Chance Creation & Shooting Analysis – EFC v West Brom

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Line-ups and Key Data

Everton named an unchanged line-up from the side that drew 2-2 with Norwich last week, going for a midfield triangle with Barkley at the peak and wide forwards Pienaar and Mirallas supporting Jelavic. West Brom lined up with a counter attacking approach with Long and Rosenberg upfront and Morrison supporting from the right side with Mulumbu covering his defensive duties against Baines. On the other flank Dorrans – usually tasked with picking up Baines on the opposite channel – was given the role of keeping Coleman quiet.

The Blues had the bulk of play with 61% possession and 54% territory. Passes wise we made 478, completing 83% which is down on last week’s lofty totals but still higher than last season’s average figures. In the final third we made 186 passes to WBA’s 84.

West Brom Defensive Shape

West Brom gave us significant troubles home and away last year, beating us at their place and then narrowly losing at Goodison. In many ways they are the kind of well organised side we struggle against most where space is reduced as the opponent is so focused on the defensive phase of play. They get back into shape really well, adopting Moyes-style 11 men back for corners.

In the 190 minutes against them last season we scored just 1 goal from open play, that being a Baines wonder strike from outside the box.

It was no surprise then that we failed to score, but was there an improvement in our creativity and shooting?

Chances Created & Shots

Last season we created 12.6 chances per game over the season, the fourth most in the league. This season so far we are averaging 14.5 per game and yesterday created 15 chances, which is 7 more than the equivalent game against the Baggies last season under the old regime.

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On average it takes 9 shots for a team to score a goal. Last season it took us 11 shots to score a goal, with us averaging 16.7 shots per game. Liverpool (19.4) had the most shots per game last season but like us were quite wasteful. In the two games so far we have averaged 21 shots per game, which is well up on last season’s figure.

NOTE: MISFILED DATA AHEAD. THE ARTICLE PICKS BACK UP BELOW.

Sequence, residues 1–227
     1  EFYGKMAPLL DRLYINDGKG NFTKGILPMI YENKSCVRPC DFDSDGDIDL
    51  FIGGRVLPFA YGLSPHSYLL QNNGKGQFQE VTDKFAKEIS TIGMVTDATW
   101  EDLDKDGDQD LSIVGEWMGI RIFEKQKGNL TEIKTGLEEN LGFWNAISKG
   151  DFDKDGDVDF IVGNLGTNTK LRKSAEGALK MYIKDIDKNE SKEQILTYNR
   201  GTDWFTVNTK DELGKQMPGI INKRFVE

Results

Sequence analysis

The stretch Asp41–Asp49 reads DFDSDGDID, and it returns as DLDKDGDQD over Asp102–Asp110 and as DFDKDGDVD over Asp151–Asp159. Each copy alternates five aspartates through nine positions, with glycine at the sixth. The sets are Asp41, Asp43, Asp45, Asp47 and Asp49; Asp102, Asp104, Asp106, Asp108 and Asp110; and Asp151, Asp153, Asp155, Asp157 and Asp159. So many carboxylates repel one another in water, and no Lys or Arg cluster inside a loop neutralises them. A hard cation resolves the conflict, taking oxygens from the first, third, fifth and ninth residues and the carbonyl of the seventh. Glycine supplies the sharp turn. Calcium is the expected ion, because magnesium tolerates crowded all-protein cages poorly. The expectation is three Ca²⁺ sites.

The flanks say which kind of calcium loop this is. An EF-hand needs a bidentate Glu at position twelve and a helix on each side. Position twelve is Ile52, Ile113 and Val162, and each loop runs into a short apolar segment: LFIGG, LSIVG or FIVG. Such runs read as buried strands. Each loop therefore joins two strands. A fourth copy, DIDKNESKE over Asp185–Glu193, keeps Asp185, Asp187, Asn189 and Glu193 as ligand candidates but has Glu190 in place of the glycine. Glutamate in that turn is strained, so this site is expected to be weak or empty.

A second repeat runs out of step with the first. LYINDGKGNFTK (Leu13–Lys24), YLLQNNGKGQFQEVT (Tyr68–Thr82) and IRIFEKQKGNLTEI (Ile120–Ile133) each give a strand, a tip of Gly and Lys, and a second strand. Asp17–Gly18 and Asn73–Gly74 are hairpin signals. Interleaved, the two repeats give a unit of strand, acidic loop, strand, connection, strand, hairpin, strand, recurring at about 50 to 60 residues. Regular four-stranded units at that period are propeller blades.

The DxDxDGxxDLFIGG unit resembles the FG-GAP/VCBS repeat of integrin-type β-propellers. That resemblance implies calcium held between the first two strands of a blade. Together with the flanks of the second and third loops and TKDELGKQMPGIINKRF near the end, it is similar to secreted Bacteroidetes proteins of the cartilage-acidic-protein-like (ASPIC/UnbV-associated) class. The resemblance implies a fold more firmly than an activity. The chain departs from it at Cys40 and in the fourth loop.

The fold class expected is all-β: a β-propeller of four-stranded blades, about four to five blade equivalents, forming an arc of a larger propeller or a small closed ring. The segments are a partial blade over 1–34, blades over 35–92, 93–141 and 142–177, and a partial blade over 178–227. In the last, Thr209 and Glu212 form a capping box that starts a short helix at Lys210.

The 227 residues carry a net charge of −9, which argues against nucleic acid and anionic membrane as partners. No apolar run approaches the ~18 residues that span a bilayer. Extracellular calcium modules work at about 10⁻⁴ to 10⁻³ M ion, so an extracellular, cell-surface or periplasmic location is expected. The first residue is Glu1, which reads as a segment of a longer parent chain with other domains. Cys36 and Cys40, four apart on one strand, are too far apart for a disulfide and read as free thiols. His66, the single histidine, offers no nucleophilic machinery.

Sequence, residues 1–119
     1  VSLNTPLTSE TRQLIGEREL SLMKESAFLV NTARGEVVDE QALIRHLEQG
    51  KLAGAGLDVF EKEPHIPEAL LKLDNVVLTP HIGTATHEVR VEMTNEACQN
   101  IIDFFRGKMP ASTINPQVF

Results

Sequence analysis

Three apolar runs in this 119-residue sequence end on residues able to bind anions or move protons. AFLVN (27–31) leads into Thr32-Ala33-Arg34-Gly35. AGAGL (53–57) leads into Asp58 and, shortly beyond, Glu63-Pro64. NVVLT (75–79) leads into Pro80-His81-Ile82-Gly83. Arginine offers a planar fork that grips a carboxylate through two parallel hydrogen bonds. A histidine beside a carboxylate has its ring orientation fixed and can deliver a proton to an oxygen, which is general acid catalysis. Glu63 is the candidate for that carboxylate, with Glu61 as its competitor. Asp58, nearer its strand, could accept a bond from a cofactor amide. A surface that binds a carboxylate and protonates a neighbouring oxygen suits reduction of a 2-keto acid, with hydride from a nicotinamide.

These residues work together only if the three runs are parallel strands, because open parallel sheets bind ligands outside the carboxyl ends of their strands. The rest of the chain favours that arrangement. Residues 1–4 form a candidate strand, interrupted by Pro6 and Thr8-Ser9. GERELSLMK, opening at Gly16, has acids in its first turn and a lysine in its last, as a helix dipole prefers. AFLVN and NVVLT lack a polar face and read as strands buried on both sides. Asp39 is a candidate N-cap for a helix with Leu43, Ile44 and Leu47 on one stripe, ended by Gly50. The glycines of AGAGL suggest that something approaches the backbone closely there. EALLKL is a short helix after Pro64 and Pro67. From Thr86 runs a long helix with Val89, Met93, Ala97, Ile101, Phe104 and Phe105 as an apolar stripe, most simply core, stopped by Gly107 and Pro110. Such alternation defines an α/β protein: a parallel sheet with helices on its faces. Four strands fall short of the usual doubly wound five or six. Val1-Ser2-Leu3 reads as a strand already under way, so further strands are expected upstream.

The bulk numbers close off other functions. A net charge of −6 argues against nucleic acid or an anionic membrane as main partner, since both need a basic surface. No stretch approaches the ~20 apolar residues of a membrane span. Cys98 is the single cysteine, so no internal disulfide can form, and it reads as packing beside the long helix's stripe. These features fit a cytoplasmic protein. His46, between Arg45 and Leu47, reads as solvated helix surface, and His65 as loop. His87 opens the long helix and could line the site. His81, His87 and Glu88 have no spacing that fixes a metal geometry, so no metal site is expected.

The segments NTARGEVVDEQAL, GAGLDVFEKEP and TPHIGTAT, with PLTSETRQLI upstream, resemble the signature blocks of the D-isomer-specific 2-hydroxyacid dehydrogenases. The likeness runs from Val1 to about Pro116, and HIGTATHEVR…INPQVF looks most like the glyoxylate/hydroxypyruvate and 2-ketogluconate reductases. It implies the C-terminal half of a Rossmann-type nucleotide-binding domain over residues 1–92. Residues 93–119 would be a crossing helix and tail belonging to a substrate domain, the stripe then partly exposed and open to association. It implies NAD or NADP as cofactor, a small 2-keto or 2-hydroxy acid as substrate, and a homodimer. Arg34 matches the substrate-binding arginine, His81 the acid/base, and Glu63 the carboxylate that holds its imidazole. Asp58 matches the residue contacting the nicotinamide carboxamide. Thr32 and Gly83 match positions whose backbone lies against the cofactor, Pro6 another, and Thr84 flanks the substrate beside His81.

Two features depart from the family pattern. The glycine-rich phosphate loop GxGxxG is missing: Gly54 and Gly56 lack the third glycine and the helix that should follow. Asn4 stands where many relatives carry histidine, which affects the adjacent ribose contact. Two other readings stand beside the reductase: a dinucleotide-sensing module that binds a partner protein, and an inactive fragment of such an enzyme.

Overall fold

As per the below visual, we recorded 22 shots yesterday compared to the 16 in the equivalent fixture last season. Of the recorded shots, 5 were credible scoring chances in the central zone of the opposition danger area (22%)  whereas last season there was a tad more credible chances ( 25%) albeit from fewer openings. The bulk of the shots yesterday came from long range (7) with Barkley responsible for 3 of these shots and 5 in total with just 1 on target. The amount of shots from set plays was also up from 2 to 7.

We swung in a sizeable 28 crosses but engineered few chances from these. Given that we know that it takes 50+ crosses to score a goal, against opposition who outnumbered us 5 to 1 in their box yesterday it was always going to take a  delivery of exquisite accuracy to find a man.

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The closest we came was when Fellaini ventured further forward and was picked out by Jagielka from a deep delivery, only for the Belgian’s finish to strike the post.

Mirallas was largely ineffectual as was Jelavic who had another sorry afternoon with just 2 opportunities in the opposition box (1 blocked and 1 wide) . Kone showed when he came on that he has a few different tools in his locker to Jela, specifically being able to take the ball, turn and beat his man and I’d be tempted to give him a chance in the next few games.

Conclusion

The positive is we are working the ball into the opposition area more, with more chances (albeit not a plethora of clear cut chances) and bags of shots. We also controlled the game on the ball and restricted our opponent to just 6 chances from open play.

On the negative side, the % of big chances has reduced slightly with a higher % of shots from outside the box, something Wigan were known for under RM.

Martinez said afterwards that we deserved to win, and on the balance of play you could go along with that, but there wasn’t a correlation with passing control and real chances created and crucially we didn’t have a cutting edge when the few clear cut opportunities presented themselves. WBA worked hard off the ball and looked a threat on the break / set plays and overall a point was probably the fair result.

EB

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3 thoughts on “Chance Creation & Shooting Analysis – EFC v West Brom

  1. A lot of pointless passing (to get the stats up?) What concerned me was the lack of urgency at times, even in the last ten minutes, with Howard’s varying between ponderous and just plain shite at times.

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